Reporting animal abuse

How to report animal abuse to the authorities

 
If you an across pages that depict animal neglect / cruelty on Facebook, do not report it to Facebook, as there is a big chance the video / picture will be removed. This is also precious evidence that can help authorities track down the people involved in this.

If you run across such material, the best way to deal with it is to report to INTERPOL. How do you report an incident to INTERPOL? Contact INTERPOL here: http://www.interpol.int/Forms/

Copy the URL (Link) of the page or person you want to report and paste it to INTERPOL’s page and ask them to check the link. Fill in your personal information; the subject of your message should be ‘Animal Abuse’ or ‘Graphic Content on Facebook’ (depending on each case).

Fill in the code (captcha) at the bottom of the page, to prove you are indeed human, and not a robot and press the ‘validate’ option Please make to complete the information and send them correctly. You will receive a thank you message for your contribution. Unless you receive this, you will be asked to start the procedure from the start.

Here is a sample statement to INTERPOL

Sample Statement

I have been witness to blatant animal neglect on Facebook at the following link: …

These images clearly establish blatant crimes against animals. After viewing the provided material, you will understand that this is indicative of unlawful acts against animals as established by the (Animal Welfare Act) and relevant local and international statutes. I respectfully request that your resources be applied to remove this material and charge the perpetrators for their actions. Thank you for your rapid attention to this urgent appeal.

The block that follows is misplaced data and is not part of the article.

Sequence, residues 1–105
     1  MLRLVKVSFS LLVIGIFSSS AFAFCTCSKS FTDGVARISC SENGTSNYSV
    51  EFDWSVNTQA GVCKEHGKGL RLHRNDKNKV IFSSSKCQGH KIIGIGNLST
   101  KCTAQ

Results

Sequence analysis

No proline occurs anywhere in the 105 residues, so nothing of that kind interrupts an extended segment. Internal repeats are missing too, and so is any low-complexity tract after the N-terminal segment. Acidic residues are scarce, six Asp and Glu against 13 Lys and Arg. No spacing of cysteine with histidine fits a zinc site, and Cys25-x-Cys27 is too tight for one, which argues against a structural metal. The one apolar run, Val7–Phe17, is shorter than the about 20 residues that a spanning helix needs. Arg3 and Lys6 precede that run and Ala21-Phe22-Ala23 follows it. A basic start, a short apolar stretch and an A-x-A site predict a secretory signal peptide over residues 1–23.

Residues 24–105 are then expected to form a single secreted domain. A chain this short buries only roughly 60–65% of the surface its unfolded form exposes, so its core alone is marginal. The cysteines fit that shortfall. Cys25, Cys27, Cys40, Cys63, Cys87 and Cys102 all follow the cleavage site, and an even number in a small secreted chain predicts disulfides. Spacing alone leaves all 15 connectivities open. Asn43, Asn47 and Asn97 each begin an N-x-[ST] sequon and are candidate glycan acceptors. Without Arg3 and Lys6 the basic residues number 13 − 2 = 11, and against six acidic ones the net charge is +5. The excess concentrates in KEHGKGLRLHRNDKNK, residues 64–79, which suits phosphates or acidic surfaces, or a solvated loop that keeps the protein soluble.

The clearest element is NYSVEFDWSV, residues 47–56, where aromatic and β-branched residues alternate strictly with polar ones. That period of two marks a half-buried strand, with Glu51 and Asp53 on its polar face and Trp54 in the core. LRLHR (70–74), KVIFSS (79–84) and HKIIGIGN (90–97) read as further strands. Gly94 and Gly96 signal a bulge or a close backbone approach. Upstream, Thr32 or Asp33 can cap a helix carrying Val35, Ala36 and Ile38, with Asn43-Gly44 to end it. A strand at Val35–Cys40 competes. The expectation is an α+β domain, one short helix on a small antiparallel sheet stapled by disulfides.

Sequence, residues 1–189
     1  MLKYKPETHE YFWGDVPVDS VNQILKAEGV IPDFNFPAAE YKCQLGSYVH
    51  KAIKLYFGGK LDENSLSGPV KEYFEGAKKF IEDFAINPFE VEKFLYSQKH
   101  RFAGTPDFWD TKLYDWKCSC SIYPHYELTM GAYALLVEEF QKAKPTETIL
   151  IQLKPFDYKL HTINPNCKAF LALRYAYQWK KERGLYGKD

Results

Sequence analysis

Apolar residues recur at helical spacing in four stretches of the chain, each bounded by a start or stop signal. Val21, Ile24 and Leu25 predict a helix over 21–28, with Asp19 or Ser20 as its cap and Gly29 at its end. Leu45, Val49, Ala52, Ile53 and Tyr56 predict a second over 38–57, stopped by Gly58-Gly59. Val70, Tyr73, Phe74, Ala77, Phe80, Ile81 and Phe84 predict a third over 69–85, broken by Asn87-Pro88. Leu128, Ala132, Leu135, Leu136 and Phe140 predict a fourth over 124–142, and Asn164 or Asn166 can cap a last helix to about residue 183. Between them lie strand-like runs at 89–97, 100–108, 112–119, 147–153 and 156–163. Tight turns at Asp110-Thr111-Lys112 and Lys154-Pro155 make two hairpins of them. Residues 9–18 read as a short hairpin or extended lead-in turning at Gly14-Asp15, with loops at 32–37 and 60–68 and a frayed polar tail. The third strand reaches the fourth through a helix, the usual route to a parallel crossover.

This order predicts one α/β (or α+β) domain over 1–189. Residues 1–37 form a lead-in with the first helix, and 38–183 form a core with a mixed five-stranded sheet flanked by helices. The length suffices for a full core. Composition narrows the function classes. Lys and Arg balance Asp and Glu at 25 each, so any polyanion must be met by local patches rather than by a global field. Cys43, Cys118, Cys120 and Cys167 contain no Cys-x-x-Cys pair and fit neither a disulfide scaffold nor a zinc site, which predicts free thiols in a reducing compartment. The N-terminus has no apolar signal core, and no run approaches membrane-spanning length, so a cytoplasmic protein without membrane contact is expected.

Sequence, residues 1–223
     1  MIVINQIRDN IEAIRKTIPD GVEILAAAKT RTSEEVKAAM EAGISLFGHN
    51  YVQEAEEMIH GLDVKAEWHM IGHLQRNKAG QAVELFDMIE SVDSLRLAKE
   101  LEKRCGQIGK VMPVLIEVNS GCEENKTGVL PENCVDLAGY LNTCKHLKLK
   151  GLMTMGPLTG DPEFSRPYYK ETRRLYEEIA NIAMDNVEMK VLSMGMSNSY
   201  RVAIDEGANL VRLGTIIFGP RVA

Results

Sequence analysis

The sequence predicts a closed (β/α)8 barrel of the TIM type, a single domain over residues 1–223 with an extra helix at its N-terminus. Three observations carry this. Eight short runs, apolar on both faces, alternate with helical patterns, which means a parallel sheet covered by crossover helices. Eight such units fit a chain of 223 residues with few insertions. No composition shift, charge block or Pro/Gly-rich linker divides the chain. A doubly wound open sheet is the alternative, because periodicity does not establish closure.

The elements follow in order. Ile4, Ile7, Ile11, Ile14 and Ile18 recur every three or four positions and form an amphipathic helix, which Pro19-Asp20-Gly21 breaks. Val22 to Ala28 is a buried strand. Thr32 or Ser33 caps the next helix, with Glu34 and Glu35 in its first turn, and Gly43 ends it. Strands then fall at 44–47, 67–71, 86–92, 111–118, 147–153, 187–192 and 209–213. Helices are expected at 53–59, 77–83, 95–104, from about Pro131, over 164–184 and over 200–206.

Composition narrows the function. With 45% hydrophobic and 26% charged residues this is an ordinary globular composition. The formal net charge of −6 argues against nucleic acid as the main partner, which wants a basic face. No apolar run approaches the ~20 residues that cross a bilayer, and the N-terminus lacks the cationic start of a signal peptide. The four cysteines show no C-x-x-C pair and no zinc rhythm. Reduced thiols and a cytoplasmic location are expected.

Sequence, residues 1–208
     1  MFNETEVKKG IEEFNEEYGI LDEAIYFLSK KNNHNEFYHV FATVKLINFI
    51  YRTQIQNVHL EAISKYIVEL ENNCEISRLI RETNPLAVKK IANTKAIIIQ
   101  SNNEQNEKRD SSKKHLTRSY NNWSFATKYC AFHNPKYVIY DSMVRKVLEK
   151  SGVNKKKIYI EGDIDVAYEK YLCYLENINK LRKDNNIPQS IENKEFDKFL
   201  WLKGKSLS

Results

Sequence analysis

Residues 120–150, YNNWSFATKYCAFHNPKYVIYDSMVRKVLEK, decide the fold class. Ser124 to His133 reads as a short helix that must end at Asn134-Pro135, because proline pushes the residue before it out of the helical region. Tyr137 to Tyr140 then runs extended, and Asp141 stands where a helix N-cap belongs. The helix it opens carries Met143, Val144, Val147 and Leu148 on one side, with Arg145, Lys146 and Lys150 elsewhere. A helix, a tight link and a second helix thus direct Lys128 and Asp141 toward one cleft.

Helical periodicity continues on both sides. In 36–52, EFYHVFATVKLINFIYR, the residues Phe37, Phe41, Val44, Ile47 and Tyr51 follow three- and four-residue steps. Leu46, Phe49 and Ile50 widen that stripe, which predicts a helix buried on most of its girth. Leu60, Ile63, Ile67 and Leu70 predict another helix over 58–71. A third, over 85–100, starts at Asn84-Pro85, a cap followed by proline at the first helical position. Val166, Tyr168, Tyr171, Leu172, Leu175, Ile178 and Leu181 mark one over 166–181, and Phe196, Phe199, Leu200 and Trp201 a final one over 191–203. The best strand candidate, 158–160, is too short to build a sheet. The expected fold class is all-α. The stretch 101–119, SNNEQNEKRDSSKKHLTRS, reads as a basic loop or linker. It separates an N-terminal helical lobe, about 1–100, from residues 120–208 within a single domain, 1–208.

Name ….


Other organizations to contact if you see animal neglect on Facebook:

http://www.animal-rights-action.com/animal-cruelty-videos.html

http://www.peta.org/about/contact-peta/email-form.aspx

http://www.humanesociety.org/issues/abuse_neglect/tips/cruelty_action.html

http://www.peta.org/about/touch-peta/report-cruelty.aspx

https://www.internet-signalement.gouv.fr/PortailWeb/planets/Home!Input.action

http://www.peta.org/action/get-active-online/cruelty-on-the-internet.aspx/

Major animal advocates

The Humane Society International (HSI)

This organization tackles problems such as inhumane practices and regulations that regard farm animals, illegal trade in wildlife, the safety of the endangered species and the destruction of marine mammals. It also opposes the use of animals for research purposes. HSI has teamed up with national and regional governments, with other humane societies and animal advocate groups in more than 35 countries in the world. They are working together to bring awareness and find a solution to the problems animals suffer from on a global scale.

The HSI has helped develop draft legislation, impose regulations and policies regarding animal welfare. It is a member of international bodies such as the International Whaling Commission, the Convention on International Trade in Endangered Species and has been awarded Category I A General Consultative Status in the US. It has over 12 million active members and officers in the North and South America, Europe and Australia.